In today’s culture, when we encounter anything unconvincing, incomprehensible, illogical, or beyond the control of man, we place it in a catchall zone called “belief.” We allocate “believing” to anything outside the natural world, from UFOs to gods.
But we also find “belief” on the other side of life, when we come to our own end. When we hit rock bottom, and all doors seem to slam shut. We then move into the paradigm of “believing” out of desperation for our own lives. Losing hope makes us consider the alternatives, when we have nothing left to look to. When there is a great burden or need, but nothing tangible to grab of, we are forced to reconsider the supernatural. When our bank accounts, credit cards, careers, clothes and cars don’t bring the answer, “belief” is suddenly back on the table.
The Oxford Dictionary defines belief as “an acceptance that something exists or is true, especially without proof.” Merriam-Webster defines belief as “conviction of the truth of some statement, or the reality of some being or phenomenon, especially when based on examination of evidence.”
So how can the same word seem to have opposite meanings from opposite ends of the spectrum? Is belief itself a contradiction? 21st-century Christianity is dominated by the Oxford Dictionary’s explanation of belief. It becomes just another hopeless and helpless leap in the dark, like all the other religions of the world, competing with Allah, Ram, Buddha and various New Age philosophies. Unfortunately, the only Christian differentiator today is that I believe in the right God, and you believe in the wrong one.
In response to the above conflicting understanding of belief, we feel the need to bring credibility to our belief by generating evidence according to what we do, and religious behavior becomes a personal affirmation, assurance and reinforcement of belief. We go to the temple, the mosque, and the church to affirm and assure, giving evidence to ourselves of our stated belief. Behavior and actions become the evidence of belief. The more we do, the more the actions affirm our belief. The more we do, the more it provides evidence of our belief, both to others and to ourselves. We do religious deeds to provide proof to others and ourselves that we have faith.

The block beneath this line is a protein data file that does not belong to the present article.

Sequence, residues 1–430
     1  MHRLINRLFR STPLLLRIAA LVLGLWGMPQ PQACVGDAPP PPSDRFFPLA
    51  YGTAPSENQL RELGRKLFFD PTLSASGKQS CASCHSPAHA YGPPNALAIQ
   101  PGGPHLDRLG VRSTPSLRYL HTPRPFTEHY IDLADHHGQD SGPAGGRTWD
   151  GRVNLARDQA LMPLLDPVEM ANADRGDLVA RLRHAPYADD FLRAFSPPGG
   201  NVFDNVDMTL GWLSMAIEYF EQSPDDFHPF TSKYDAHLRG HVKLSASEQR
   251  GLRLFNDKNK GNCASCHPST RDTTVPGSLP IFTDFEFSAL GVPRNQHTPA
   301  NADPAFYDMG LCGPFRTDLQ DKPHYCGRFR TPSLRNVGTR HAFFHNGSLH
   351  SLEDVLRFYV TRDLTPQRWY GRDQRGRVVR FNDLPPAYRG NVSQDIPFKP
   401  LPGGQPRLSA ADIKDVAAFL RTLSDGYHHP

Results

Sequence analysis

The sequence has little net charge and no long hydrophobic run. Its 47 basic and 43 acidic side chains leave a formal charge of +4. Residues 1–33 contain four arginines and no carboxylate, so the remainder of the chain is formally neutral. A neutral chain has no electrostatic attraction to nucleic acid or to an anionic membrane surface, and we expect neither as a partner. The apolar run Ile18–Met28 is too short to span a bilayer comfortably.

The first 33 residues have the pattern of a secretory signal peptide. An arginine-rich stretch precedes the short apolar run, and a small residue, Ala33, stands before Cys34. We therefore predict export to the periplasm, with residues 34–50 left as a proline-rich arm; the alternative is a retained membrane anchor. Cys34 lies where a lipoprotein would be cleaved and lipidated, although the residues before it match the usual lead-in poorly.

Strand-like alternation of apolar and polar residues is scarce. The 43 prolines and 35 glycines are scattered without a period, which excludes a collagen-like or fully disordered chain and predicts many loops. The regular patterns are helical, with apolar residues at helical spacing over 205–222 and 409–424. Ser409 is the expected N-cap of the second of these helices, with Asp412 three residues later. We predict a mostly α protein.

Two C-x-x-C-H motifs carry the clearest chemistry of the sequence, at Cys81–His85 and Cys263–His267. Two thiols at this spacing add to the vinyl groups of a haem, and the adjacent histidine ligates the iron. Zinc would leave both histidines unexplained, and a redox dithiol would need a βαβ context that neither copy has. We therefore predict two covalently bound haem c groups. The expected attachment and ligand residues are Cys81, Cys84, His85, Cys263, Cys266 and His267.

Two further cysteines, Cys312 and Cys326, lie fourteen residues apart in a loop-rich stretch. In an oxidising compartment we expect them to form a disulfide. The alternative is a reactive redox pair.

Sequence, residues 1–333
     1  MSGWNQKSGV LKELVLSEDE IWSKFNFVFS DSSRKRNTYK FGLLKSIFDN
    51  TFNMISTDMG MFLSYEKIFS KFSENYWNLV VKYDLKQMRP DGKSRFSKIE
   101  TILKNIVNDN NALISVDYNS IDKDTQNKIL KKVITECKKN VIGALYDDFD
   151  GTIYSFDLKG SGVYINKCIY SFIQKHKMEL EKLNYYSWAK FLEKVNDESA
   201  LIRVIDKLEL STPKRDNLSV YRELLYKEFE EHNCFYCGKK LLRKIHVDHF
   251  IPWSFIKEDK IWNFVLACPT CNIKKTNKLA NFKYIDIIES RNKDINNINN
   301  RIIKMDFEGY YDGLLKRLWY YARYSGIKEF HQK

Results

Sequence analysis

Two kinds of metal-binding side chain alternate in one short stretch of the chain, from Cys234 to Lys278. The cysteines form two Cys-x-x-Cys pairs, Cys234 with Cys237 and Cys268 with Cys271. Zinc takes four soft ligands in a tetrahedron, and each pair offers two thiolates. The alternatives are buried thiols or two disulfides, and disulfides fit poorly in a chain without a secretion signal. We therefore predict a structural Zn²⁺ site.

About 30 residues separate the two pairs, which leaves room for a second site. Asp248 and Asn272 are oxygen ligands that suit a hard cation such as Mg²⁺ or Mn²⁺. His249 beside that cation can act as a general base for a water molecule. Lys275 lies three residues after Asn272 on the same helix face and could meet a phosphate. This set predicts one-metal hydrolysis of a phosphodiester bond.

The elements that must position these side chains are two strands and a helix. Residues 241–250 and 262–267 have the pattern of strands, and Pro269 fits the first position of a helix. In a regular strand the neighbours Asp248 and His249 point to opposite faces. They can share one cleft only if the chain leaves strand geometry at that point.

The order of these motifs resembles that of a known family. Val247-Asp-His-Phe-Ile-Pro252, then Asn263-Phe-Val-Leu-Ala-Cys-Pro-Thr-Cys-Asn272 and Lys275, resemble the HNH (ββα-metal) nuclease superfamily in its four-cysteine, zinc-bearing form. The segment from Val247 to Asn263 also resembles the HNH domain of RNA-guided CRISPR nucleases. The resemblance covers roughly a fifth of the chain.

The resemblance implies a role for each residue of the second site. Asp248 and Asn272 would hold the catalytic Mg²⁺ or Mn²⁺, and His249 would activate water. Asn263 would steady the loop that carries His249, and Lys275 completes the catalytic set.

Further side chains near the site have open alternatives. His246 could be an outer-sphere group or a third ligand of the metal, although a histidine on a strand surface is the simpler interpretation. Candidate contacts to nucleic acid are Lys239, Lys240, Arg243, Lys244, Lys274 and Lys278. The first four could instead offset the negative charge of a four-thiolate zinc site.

The evidence of Christianity is relegated to simple belief in Jesus and displaying Jesus-like behavior. “Believe in Jesus and behave like Jesus” is an unending cycle of hopelessness that we have come to understand, practice and preach as Christianity in the 21st-century. So we keep trying to add to and aid our unbelief with more behavior. We are asked to give more, attend more, go to missions trips more, preach more, pray more, convert more—and the list goes on—all to assure ourselves. Beyond a point, we are unable to cope with the internal pressure of trying to keep up. We are burnt out. We become hypocritical. We compromise. We fake…
So what is the evidence and proof of the faith that Jesus asks His followers to have? Is Jesus in the business of behavioral rehab? If believing in Jesus does not uniquely qualify my faith, then what is the differentiator of Jesus? If what I do and feel emotionally does not uniquely qualify my faith, then what is the differentiator that Jesus came to establish? What sets following Jesus apart from following any other religious leaders and philosophies of the world?
Something happens in us when we repent and believe in Jesus. It is this something that no other religion or philosophy or style of living can offer. This something is non-circumstantial and does not depend on locations. There is internal evidence that is produced, which becomes an inner constant in the midst of external and emotional variables. This evidence is experienced through a process called transformation of the mind. This is where we cognitively experience the supernatural in the natural and it becomes the new normal.
“New Creation” is not a belief, but a literal re-birth of a new nature within us as a consequence of belief. We become aware of the Person called Jesus, because we partake in His divine nature. The cross not only imputes righteousness but imparts righteousness. This is not an intellectual understanding of Jesus, this is not an emotional experiencing of Jesus, but a transformational becoming like Jesus. This is where the Vine and branch live in intimacy. This is where the sheep hear the Shepherd’s voice. This is where communion between God and man happens with cognitive recognition. This is where we know and experience what we have believed! This is where the Spirit testifies to our spirit that we are children of God; the identity we all long to experience with the grip and embrace of the Father inside of us. This is the “substance of what we hope for,” the “conviction/evidence of things unseen.” This is biblical faith.
Internal evidence of the invisible is the foundation of our external expression of it. If there is no internal evidence, there can be no external expression. Hebrews Hall of Famers had an internal evidence of God that got them to do what they did.
What we do becomes a consequence of who we become. We love because we become love through experiencing it ourselves. We draw from the supernatural, and it flows into the natural. We receive, so we give. Belief leads to the incredible co-habitation of God in man, with the mind of man being able to consistently draw from the spiritual, irrespective of any external situation or circumstances. It is experienced through a process called transformation of the mind. This transformational inner-awareness/perception of God is the evidence in Christianity.